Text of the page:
One-day mental health workshop improves teenagers’ mood for six months

Teenagers can gain long-lasting mental health benefits from CBT

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A one-day school workshop based on cognitive behavioural therapy (CBT) led to small improvements in teenagers’ mood and stress levels for at least six months, a trial has found.

The result contrasts with several other recent trials of mental health interventions for schools, which found they slightly worsened children’s well-being.

In the past decade, CBT has become one of the most common kinds of talking therapy offered to people with depression or anxiety. Unlike more open-ended kinds of talking therapy, such as psychoanalysis, CBT is structured with the aim of encouraging people to change unhelpful ways of thinking or behavioural patterns, like focusing on upsetting events or avoiding social situations.

CBT also has the most supporting evidence from randomised trials involving adults with depression, anxiety or other mental health problems. Participants usually see a therapist for 1 hour a week for two or three months.

The latest trial was designed to assess whether a one-day course could have benefits for teenagers, in this case aged 16 to 18. The workshop was offered to students who felt they were experiencing stress, worries or low mood.

Three therapists delivered the course to groups of 16 pupils. It involved teaching them about CBT and techniques for relaxation and mindfulness – brief meditative practices – and offering practical tips about time management and getting enough sleep.

In 57 schools in England, 900 pupils were randomly selected to attend one of the workshops or to use existing mental health systems, such as being directed to health services.

After the workshops, the pupils were allowed up to three further phone calls with the therapists for support.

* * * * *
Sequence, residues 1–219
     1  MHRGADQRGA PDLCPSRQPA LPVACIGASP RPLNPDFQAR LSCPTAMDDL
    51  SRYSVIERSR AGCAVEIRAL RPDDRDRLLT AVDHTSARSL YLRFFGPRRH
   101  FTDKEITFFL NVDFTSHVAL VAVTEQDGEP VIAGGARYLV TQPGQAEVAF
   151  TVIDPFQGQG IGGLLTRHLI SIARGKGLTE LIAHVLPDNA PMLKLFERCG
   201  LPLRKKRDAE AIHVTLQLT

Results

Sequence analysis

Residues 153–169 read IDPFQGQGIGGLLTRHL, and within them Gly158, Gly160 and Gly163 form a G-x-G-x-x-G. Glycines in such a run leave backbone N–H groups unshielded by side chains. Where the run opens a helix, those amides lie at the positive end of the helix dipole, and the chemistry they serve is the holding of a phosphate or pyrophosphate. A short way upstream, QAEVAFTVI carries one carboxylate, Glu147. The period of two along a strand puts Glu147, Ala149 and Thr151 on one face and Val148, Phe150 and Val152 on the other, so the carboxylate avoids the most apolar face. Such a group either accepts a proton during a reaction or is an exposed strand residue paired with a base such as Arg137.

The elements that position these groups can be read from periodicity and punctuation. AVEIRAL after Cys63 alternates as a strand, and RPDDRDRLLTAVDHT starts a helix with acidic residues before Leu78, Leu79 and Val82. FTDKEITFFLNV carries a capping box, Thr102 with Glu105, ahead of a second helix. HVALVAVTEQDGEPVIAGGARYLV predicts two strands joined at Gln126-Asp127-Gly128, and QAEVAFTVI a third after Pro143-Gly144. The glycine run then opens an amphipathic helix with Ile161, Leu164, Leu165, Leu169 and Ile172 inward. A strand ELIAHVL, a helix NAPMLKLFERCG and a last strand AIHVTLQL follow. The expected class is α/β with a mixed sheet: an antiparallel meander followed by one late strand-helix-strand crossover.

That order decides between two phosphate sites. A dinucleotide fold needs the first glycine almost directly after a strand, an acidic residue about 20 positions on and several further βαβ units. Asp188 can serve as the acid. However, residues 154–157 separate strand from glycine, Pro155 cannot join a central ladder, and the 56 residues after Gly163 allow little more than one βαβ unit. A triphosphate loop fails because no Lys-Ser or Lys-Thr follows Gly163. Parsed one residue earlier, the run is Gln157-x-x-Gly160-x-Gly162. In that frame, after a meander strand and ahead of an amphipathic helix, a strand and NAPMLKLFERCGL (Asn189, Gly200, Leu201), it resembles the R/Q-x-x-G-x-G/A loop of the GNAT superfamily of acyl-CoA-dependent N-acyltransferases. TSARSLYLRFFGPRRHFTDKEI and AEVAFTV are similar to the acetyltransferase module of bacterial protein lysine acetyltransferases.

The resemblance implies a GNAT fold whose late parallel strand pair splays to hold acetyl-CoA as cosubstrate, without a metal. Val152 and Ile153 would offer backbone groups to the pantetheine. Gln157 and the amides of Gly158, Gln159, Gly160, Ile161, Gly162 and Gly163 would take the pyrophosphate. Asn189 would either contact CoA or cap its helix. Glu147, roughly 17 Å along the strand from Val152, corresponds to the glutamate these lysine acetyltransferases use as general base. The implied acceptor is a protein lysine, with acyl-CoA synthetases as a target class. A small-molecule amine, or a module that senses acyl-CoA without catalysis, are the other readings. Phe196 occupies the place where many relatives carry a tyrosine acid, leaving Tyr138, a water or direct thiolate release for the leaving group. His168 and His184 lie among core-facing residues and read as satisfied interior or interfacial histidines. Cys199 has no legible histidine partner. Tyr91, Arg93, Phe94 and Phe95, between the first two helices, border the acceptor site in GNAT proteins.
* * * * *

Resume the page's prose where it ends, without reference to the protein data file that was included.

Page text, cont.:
Those who took part in the workshops saw a decline in their symptoms of depression, compared with the control group, of just over 2 points on a 67-point scale, which is classed as a small effect.

But among the one-third of participants who had the highest depression scores to begin with, those who attended the workshops saw about a 4-point reduction in symptoms on average, which is classed as a moderate impact, says Ben Carter at King’s College London. “We found an effect that was far higher than we were expecting.”

The workshops also led to small improvements across the whole group in tests for anxiety and well-being, which lasted for at least six months.

June Brown, another member of the team at King’s, says there may be several reasons why this format seems more beneficial than other mental health interventions in schools. Some previous schemes involved teachers giving training on mindfulness to whole classes, rather than using therapists and focusing on teens who really are having problems, as in this trial, she says. Mindfulness also has less supporting evidence for its use in adults than CBT.

Jack Andrews at the University of Oxford says the findings are welcome. “The trial was very well designed,” he says. “These results are very promising.”

The therapists running the workshops are part of a new initiative that began in 2018 to have mental health professionals work within English schools. They are currently operating in schools that teach about a third of pupils in England, with coverage eventually planned for all schools.

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